Not to be outdone, GAZ started work on a new model, which would be called Chaika (“Seagull” – perhaps an homage to Chekhov?). The “ZIM” name may have been deemed too close to ZIS/ZIL, though early sketches still used it. GAZ designers Boris Lebedev and Lev Eremeev and their Politburo clientele were avowed Packard fans. It is rumoured that several American sedans made their way to Gorky circa 1956, and the latest Packard featured among these. ZIL also recruited Eremeev to redesign their new model, pretty much at the same time as he was working on the Chaika. Which is why when the Chaika came out in 1958, along with the new ZIL 111, they looked suspiciously similar to each other and to the ’55-‘56 Packard.
So let’s take a look at these cars and see. GAZ-13 Chaika, ZIL 111, 1955 Packard 400 – and let’s a few more American cars for symmetry – the 1955 Mercury, the 1955 Plymouth and the 1956 Lincoln, for example. The ZIL’s grille texture is very Packard-like, but the Chaika’s not so much. The Mercury’s straight grille top lip is closer to the Russian cars than the Packard’s curved one. The Plymouth’s wheel openings and greenhouse look remarkably similar to the Chaika’s – more so than the Packard anyway. These all have the same hooded lamp design. There were more hoodies in mid-‘50s showrooms than in an Eminem video.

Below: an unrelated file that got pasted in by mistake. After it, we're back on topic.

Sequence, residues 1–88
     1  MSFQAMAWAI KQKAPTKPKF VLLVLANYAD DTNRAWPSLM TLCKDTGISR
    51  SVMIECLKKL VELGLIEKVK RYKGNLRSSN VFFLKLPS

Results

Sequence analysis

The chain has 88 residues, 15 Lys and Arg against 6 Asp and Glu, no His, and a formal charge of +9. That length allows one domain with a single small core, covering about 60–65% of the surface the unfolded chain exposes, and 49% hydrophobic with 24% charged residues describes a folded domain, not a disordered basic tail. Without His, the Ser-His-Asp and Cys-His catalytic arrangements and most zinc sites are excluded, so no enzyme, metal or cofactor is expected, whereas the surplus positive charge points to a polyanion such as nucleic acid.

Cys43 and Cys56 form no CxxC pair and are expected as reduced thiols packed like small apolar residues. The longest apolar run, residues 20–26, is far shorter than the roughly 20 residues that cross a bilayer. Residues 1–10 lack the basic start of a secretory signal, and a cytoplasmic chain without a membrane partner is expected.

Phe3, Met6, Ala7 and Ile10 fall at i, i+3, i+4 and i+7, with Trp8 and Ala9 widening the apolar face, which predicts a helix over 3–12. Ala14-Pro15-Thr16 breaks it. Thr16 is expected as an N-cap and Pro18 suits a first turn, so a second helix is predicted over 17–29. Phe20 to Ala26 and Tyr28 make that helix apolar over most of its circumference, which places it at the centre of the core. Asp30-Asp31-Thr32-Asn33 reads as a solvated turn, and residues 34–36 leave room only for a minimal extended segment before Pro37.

Ford seems to have a claim to the hoodies’ paternity, as they were a distinctive feature of the Ford X-100 and Lincoln XL-500 show cars of 1953. This explains why Lincoln and Mercury got their hooded lights, but not how Packard and Plymouth did. Could it be that (shock horror) car designers constantly look over one another’s shoulders and “borrow” design features from the competition?
And just to throw a three-pointed monkey wrench into the whole thing, let’s remind ourselves of this Mercedes-Benz W122 styling proposal from late 1956 – i.e. about the same time as the Russians were designing their limos. Again with the hooded lamps and heavy eyeliner chrome strip. The Benz boys refrained from going further with this somewhat tasteless facelift of the “pontoon” Mercedes thanks to their buy-out of Auto-Union, which forced them to re-assess their spending plans. Another reason to love two-strokes.